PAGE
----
Monday 13 February 2023

Tectonics Glasgow 2023

Tectonics Glasgow, the BBC Scottish Symphony Orchestra's (BBC SSO) festival of new and experimental music returns on 29 and 30 April 2023, celebrating the festival's 10th anniversary. Conceived in 2013 by the orchestra’s Principal Guest Conductor, Ilan Volkov, and co-curated by Alasdair Campbell (Counterflows), the festival has premiered 51 new works for orchestra, many of them BBC commissions.

This year's festival, which takes place at City Halls and Old Fruitmarket, Glasgow, includes artists from around the globe. Colombia’s Lucrecia Dalt, who has wowed critics and audiences alike with her new album, closes the first night of the festival, whilst pianist Aki Takahashi gives the world premiere of a new work by one of Japan’s longstanding composers, Somei Satoh, along with works by Bunita Marcus and Peter Garland. Other visitors include Germany’s Limpe Fuchs, something of a legend in new music circles, and France’s Jérôme Noetinger whoe has been pushing boundaries for decades. Another pianist, Cory Smythe performs a solo set and also performs in Ingrid Laubrock’s Drilling, along with the composer and Adam Linson, a premiere delayed from 2020 due to the pandemic. And also from the States, ‘the king of sampling’ himself, the inimitable Carl Stone.

The BBC SSO gives the world premieres of compositions by Somei Satoh, Linda Buckley, Rufus Isabel Elliot, Ian Power, Scott McLaughlin and William Dougherty which were inspired by topics as varied as pagan rituals, Julia Kristeva, quantum physics, and an antique wax cylinder recording of Home Sweet Home. There’s also the UK premiere of works by Ingrid Laubrock and the late Dutch composer Margriet Hoenderdos.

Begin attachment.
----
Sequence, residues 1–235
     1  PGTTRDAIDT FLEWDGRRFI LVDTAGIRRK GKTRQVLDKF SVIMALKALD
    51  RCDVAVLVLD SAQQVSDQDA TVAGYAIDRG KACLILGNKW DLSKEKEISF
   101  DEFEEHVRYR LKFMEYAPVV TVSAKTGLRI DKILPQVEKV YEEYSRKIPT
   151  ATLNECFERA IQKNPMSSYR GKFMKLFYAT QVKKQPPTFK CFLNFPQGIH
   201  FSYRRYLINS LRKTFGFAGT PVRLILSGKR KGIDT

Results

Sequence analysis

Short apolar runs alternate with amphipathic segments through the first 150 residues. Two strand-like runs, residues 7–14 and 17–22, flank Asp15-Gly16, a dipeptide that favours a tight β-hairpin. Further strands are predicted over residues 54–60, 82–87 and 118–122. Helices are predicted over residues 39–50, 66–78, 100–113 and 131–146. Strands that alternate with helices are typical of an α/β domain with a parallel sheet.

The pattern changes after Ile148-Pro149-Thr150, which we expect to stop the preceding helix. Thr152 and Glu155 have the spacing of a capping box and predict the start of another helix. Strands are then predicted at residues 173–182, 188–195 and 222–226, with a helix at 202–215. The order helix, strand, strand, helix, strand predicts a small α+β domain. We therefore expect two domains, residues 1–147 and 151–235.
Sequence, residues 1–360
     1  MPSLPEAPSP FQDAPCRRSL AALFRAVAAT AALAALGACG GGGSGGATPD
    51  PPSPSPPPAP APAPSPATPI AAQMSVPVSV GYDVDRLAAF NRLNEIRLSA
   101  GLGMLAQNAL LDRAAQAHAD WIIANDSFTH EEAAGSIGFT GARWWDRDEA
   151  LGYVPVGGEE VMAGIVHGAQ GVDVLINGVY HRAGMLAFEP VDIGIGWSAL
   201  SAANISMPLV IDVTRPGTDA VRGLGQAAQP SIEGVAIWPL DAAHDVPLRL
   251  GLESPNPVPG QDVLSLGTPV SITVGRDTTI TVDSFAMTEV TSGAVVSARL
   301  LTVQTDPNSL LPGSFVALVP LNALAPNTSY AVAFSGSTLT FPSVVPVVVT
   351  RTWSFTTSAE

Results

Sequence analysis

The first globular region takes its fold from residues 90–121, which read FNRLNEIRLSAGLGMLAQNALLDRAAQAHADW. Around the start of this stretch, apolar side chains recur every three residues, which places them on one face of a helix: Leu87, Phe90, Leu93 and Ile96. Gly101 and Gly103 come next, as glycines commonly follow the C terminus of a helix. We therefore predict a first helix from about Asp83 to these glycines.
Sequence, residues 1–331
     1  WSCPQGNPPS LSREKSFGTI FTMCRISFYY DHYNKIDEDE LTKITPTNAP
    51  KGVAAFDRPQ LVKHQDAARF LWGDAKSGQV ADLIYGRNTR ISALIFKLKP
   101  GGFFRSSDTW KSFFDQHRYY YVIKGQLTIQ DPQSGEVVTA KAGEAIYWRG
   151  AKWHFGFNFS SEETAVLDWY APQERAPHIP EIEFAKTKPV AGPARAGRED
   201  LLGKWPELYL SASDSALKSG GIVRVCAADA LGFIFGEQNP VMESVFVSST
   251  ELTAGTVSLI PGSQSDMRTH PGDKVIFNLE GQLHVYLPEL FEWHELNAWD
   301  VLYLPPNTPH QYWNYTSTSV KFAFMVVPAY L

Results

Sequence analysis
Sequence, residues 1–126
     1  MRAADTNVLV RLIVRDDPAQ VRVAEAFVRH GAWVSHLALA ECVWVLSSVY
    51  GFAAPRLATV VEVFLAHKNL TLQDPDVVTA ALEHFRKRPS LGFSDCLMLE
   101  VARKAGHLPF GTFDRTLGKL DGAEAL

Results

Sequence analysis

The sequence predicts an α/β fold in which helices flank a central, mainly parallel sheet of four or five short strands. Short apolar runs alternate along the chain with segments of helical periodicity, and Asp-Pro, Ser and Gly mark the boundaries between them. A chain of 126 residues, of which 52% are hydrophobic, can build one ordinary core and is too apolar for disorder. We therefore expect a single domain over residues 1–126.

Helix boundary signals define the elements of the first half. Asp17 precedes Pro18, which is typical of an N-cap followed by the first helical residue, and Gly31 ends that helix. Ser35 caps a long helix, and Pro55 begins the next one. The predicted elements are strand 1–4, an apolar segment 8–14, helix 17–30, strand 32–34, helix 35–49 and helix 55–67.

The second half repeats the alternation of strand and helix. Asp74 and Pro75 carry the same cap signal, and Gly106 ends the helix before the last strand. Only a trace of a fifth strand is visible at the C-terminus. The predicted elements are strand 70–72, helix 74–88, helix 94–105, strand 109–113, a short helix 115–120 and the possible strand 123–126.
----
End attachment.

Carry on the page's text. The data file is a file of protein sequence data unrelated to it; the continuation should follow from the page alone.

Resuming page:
Scottish and UK-based artists at the festival include Inge Thomson and Calum MacIntyre, who open the festival, cellist Semay Wu, Lucy Duncombe, and Feronia Wennborg. And the Japanese-Korean artist Ryoko Akama takes up residence in the City Halls Recital Room for an installation created uniquely for that space.  

Ilan Volkov, said: "Tectonics isn’t big on nostalgia. We like to look forward rather than back, but it’s fair to say that in 2013 we didn’t think we’d still be here. That’s down to our audiences’ enthusiasm and loyalty, the outstanding artists we’ve been able to champion, and the ongoing support and commitment from the BBC. We’re certain this year’s festival will channel all the excitement and optimism of the very first one."

The majority of this year’s performances will be recorded for broadcast on BBC Radio 3 with some performances available to watch online. Full details from the Tectonics Glasgow website.

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